• is the trivial well-definedness condition. Click on button to verify it.

• is the hypothesis that we introduced. Click on the button to verify it.

• is the original goal but we can now use the introduced hypothesis in the proof. We will now continue with the proof of this goal.

Click on the existential quantifier of the new hypothesis (appearing in the Selected Hypothesis view) as demonstrated in Figure 2.23. The hypothesis disappears and is replaced by a new hypothesis . This is because the value of is automatically instantiated. This means that we can use from now on in our proof as an example for a person

If you hover over any red symbol for a short while, a menu will pop up, offering one or more transformations. Make sure that you actually click on the symbol before the menu pops up because otherwise clicking will no longer have any effect. If the menu has popped up before you managed to click on the symbol, you will have to click twice: the first click will discard the menu and the next click will actually perform the operation.

We can prove an existential quantification by giving an example for the variables. First, we instantiate in the goal with the variable that we created: enter in the yellow box corresponding to in the Goal View and click on the existential quantifier as shown in Figure 2.24.

The instantiation produces two new nodes in the Proof Tree view. The first goal is the trivial well-definedness condition and can be easily discharged by pressing . The remaining goal is is the result of replacing by in the old goal. You can see the the current proof tree in Figure 2.25. The node with the label ah refers to when we added the hypothesis, the node with the label hyp refers to when we instantiated from a hypothesis and the node with the label goal refers to when we instantiated in the goal.

Now we need an example for the remaining variable . There are two situations we want to distinguish: The person could be outside or not. To distinguish this, type into the Proof Control view and click on the button (dc for distinguish case). Again, you get three new goals.

• The first is the well-definedness condition of . must be a function and is in its domain. This is easy to prove since is a total function (3.3.5). Press the button to verify it.

• The second node has the original goal but as a hypothesis.

• The third node has the original goal but as a hypothesis.

Note that the second and third node will appear identical in the proof tree. You will only see the differences in the hypotheses by selecting the nodes.

Let’s continue with the case : When is outside, it can always go to the that is defined axm4. To search for axm4, type into the Proof Control text field and click the button . Add axm4 () to the selected hypotheses. Now click on the red symbol in axm4 (see Figure 2.26) to instantiate . Now we have as an example for a location which is not outside and where everybody can go.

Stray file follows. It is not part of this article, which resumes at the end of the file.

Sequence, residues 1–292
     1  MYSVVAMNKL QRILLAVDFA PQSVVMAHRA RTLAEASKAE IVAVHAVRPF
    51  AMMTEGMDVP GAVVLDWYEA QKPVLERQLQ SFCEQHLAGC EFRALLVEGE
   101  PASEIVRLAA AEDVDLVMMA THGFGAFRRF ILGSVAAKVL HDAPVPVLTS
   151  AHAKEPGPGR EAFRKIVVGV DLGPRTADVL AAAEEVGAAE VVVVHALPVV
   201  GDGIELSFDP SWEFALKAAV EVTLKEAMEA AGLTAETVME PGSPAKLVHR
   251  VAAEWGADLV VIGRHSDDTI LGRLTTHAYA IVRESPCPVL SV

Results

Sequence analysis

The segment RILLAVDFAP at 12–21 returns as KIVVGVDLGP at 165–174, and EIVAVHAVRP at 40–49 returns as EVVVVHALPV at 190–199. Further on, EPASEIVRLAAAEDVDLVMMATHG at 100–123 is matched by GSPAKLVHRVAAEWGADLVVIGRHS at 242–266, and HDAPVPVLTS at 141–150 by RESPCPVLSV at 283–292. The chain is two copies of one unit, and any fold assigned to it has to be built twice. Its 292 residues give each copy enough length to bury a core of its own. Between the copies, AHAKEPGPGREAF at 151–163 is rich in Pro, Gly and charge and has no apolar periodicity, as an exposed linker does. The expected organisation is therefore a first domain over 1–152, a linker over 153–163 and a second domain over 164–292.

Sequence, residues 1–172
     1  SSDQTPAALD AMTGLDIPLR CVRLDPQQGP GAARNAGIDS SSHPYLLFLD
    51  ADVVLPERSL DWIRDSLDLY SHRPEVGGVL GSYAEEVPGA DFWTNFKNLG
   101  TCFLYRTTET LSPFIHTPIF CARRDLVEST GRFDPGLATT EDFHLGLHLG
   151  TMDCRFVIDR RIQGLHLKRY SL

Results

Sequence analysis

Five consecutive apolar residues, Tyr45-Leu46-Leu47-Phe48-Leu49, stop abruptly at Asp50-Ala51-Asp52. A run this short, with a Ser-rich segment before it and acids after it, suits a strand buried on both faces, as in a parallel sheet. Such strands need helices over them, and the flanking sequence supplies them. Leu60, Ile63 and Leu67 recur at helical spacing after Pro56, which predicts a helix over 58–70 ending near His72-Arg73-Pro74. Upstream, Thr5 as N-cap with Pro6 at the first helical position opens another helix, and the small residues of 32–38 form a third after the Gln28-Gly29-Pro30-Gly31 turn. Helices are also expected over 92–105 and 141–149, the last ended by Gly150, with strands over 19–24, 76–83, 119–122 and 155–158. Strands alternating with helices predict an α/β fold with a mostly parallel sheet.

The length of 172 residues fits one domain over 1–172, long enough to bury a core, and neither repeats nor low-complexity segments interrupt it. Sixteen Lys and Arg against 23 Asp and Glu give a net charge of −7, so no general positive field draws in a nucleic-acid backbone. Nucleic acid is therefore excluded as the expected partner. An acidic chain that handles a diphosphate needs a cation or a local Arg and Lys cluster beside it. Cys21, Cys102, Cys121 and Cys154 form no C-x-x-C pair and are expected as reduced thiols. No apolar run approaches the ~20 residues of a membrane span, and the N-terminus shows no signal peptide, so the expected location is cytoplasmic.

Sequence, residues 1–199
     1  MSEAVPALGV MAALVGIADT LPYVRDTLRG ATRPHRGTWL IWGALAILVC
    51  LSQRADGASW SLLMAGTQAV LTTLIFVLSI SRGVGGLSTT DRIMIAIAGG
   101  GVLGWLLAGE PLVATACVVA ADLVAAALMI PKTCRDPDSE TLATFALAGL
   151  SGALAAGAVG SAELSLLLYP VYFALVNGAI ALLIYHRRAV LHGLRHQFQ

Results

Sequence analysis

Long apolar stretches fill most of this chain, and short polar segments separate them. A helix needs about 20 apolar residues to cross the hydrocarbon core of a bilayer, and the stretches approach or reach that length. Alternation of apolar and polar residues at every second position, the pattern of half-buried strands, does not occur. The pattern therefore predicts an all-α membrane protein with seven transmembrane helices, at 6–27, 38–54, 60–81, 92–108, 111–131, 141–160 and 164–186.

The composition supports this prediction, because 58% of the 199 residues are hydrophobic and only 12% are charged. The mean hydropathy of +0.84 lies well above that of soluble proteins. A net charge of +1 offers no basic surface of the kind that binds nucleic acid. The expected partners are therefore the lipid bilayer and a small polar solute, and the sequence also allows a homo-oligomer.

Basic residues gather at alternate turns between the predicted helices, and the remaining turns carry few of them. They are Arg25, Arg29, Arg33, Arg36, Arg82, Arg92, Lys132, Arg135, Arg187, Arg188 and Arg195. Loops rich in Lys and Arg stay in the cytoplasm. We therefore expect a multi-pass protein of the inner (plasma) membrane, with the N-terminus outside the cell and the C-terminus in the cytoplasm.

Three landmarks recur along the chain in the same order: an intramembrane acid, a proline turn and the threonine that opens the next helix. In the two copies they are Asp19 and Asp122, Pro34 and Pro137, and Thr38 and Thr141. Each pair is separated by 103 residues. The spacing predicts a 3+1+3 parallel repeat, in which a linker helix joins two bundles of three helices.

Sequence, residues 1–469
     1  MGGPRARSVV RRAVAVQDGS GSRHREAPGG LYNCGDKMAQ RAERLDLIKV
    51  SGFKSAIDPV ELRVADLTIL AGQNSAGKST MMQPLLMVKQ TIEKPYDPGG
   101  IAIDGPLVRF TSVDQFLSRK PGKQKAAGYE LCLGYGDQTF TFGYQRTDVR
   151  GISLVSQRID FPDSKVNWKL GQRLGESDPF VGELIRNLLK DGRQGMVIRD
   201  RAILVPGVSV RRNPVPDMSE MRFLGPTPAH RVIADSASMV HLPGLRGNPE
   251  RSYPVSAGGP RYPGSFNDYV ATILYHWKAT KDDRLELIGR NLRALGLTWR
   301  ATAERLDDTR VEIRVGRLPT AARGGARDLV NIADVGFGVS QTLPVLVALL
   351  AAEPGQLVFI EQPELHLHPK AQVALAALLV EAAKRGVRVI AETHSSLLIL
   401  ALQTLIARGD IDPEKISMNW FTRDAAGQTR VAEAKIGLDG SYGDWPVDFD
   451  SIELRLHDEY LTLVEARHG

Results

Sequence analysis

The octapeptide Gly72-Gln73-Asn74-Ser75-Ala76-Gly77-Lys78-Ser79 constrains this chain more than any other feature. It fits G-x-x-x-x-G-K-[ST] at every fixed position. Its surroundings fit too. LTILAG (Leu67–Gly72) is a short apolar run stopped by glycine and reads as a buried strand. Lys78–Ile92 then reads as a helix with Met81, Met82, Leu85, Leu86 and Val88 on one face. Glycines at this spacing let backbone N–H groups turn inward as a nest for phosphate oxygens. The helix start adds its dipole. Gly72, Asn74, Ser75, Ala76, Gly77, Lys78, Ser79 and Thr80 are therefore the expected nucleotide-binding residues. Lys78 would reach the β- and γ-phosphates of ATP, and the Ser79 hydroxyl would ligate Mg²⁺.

Our goal is still . Note that the existential quantification introduces a new which does not (yet) have anything to do with the location where anybody can go. Now type into the yellow box of the goal and press the symbol to state that we want to use our as an example for the in the existential quantification. Again, we have the trivial goal as well-definedness condition, so just press button to verify it. The remaining goal should be . This can be proven with the selected hypotheses , and . Press the button to verify this goal.

Now only second case of the case distinction remains. This is where is not outside (). In this case, can simply go outside. Again the goal is . Type as an example for a location into the yellow box and press the symbol. Press the button to discharge the trivial well-definedness condition . The new goal should be .

To prove this we need to prove that has the right to go . This is stated in the axiom . Have a look at the Search Hypothesis view. This was also one of the results from the last search for . (If you no longer see the results, repeat the search by entering into the Proof Control and press the button.) Select (in Figure 2.26, it’s the second entry) and press the button to add it to your selected hypothesis. The auto-prover now has enough hypotheses, so simply click the button and the last goal of our theorem should be proven.

Here is the summary of the proof. Compare this with your final proof tree (as shown in Figure 2.27).

 added hypotheses: well-definedness condition : automatically proven the hypotheses: automatically proven instantiation of in the hypotheses using as an example for the in the goal well-definedness condition : automatically proven case distinction well-definedness condition ( is a function with in its domain): proven using the p1 provers first case: instantiation of from axiom axm4 using as an example for the in the goal well-definedness condition : automatically proven remaining goal: automatically proven second case: using as an example for the in the goal well-definedness condition : automatically proven hypotheses selected remaining goal: automatically proven

Footnotes

1. One could argue that this is too restrictive in the real world: After all, why do all people need authorisation for the same location l? But arguing about the realism of the example is out of the scope.